Five men to paddle in 465-mile Ultimate Hugh Heward Challenge from Detroit to Chicago by Aaron Ogg |
The Grand Rapids Press Saturday April 11, 2009, 5:52 AM Lance Wynn | The Grand Rapids Press
Jon Holmes, a kayak instructor, is one of five men will who attempt to paddle the 465-mile route. If Verlen Kruger was still carving through rough waters, the burly paddling icon probably would not want to miss a new, 465-mile adventure along the Huron and Grand rivers.
“He’d try to go with them,” said Jim Woodruff, a close friend of the late record-setting canoeist who racked up 100,000 water miles during his 40-year career. “It will never be duplicated. There’s a lot of long-distance paddlers, but I don’t see anyone ever matching those records of Verlen’s. “He was obsessed.” Woodruff, an 86-year-old Michigan topology guru and Delta Township resident, is the mastermind behind the Ultimate Hugh Heward Challenge — an estimated 23-day trek beginning next Friday in Belle Isle and ending in Chicago.
His call has been answered by four Michigan men and one from Florida who plan to emulate the 1790 feat of British trader Hugh Heward as a tribute to Kruger’s accomplishments and love of paddling. Kruger, a former plumbing contractor, died of cancer in 2004 at age 82. He befriended Woodruff before Grand River Expedition ’90, a 260-mile trip down its length. “I think you have to be genetically inclined to do something like this,” said Jon Holmes, 43, a 15-year kayak instructor with Bill & Paul’s Sport-haus, 1200 E. Paris Ave. SE. “I don’t really know how well I’m going to stack up,” Holmes said. “I’ve dreamt of doing something along these lines, but I’ve never had the opportunity.”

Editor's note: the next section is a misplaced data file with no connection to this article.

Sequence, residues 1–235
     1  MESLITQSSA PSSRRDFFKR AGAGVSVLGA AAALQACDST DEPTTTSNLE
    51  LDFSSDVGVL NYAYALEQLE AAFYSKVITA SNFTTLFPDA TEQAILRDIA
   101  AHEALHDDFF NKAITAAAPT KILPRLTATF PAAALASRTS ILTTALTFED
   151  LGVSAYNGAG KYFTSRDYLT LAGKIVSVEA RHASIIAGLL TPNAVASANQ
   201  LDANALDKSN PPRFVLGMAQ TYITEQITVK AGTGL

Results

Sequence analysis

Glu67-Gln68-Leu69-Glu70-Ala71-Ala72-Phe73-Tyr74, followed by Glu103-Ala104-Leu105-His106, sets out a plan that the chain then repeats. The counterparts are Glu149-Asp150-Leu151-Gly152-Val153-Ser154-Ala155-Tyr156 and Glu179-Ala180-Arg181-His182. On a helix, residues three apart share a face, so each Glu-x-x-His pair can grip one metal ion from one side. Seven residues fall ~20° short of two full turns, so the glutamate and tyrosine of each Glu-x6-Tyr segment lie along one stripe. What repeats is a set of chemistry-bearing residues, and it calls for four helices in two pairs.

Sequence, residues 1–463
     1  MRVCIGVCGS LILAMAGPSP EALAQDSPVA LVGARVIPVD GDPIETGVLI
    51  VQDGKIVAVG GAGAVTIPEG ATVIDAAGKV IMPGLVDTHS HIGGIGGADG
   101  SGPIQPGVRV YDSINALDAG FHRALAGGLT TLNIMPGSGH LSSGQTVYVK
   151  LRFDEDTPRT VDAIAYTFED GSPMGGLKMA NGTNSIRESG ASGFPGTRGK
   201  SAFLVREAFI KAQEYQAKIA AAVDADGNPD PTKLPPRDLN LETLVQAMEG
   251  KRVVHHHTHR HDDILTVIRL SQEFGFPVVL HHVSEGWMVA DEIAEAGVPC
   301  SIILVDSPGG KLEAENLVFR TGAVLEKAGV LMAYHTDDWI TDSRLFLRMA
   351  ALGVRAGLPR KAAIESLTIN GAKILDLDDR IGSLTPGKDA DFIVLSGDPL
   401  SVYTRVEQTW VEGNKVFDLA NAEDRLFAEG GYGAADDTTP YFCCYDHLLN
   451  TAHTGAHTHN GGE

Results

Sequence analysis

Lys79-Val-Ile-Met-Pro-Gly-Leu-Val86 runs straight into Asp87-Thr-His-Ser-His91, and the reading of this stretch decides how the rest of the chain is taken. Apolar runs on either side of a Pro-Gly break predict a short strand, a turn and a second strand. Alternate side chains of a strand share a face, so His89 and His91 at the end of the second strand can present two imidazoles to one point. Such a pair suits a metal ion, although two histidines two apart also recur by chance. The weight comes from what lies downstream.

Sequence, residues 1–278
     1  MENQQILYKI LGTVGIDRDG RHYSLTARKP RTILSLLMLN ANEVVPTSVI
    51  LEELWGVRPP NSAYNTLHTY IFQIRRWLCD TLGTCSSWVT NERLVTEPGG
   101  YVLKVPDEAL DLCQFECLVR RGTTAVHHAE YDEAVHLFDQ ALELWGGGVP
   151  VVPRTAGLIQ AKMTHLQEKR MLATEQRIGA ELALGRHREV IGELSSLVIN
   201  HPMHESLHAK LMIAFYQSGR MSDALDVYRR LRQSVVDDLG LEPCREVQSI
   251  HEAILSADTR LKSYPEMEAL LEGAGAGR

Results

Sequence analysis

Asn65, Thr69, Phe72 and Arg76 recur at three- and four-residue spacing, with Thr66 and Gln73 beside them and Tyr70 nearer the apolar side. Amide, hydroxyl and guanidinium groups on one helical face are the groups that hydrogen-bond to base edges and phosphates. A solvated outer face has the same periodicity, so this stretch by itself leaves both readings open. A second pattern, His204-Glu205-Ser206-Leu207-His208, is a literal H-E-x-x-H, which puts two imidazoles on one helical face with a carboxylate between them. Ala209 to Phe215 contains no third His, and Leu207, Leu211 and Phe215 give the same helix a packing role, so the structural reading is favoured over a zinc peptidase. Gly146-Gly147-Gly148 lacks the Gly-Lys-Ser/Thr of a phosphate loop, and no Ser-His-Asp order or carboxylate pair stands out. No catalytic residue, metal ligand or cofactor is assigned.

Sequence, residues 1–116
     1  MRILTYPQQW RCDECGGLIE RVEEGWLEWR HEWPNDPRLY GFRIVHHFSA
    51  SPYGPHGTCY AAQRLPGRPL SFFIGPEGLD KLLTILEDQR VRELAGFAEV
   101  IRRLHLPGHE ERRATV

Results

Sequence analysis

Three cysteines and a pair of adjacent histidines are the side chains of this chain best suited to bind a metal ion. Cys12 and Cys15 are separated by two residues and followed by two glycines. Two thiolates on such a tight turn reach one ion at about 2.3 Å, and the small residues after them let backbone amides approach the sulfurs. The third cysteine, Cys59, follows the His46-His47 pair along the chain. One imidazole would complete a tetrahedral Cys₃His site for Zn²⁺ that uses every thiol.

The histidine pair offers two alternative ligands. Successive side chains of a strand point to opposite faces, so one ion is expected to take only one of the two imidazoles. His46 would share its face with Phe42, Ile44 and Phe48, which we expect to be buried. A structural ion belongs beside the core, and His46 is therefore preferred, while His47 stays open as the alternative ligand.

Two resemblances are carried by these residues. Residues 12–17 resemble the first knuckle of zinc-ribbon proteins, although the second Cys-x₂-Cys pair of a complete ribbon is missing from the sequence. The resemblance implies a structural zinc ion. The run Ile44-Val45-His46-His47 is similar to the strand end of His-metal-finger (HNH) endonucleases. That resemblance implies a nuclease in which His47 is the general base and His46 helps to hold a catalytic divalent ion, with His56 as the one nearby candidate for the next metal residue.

Holmes has embarked on three-mile races and six-day trips, including one along the shoreline of Lake Superior Provincial Park, but now he’s preparing to tackle a vastly different adventure. To get in shape, he does situps, pushups and four-mile runs three days per week. He and business partner Rusty McBride began paddling upstream along the Grand from Ada to Lowell on Fridays.
Charles Parmelee has a good idea what he’s in for, having traveled an abbreviated version of the route in 2008. The 52-year-old Leslie man paddled 320 miles beginning at the mouth of the Huron in Belle Isle to Grand Haven. Parmelee, a retired General Motors toolmaker and past president of the Lansing Oar & Paddle Club, had to contend with snow and paddling upstream on the Huron River at its highest level in 40 years, he said. An overhanging branch dumped him into fast currents near Ann Arbor as he tried to retrieve a lost hat. Not again, he said. “If I lose my hat this time, it’s gone,” he said. Parmelee struggled to explain what draws him to such rugged endurance tests. He dropped 25 pounds during his last trip, he said. “Some people ask me why, and I don’t really have a real answer,” he said. “I got the gypsy blood, I guess. The only difference between me and a lot of people is I have the time.”
The route will take paddlers over two dozen portages, the longest of which is seven miles. Extra hands and wheeled canoe carts help trim the number of trips, Parmelee said. Legendary canoeist Verlen Kruger, who died in 2004, would have loved this 465-mile adventure, friends say. While he and others may grab a bite at a local restaurant, Holmes said he plans to filter water and otherwise pattern his trip after the way Kruger would do it. No one plans to bed down at a local motel, Parmelee said. The squad will find safe locales to camp along the route.
The Ultimate Hugh Heward Challenge is timed so participants can meet up with other paddlers for the 50-mile Hugh Heward Challenge down the Grand from Dimondale to Portland. That event, which drew more than 80 canoeing enthusiasts in 2008, is a fundraiser for the Verlen Kruger Memorial Board. The group plans to erect a life-size bronze statue honoring Kruger at the Thompson Field canoe landing in Portland. An unveiling date has not been set.
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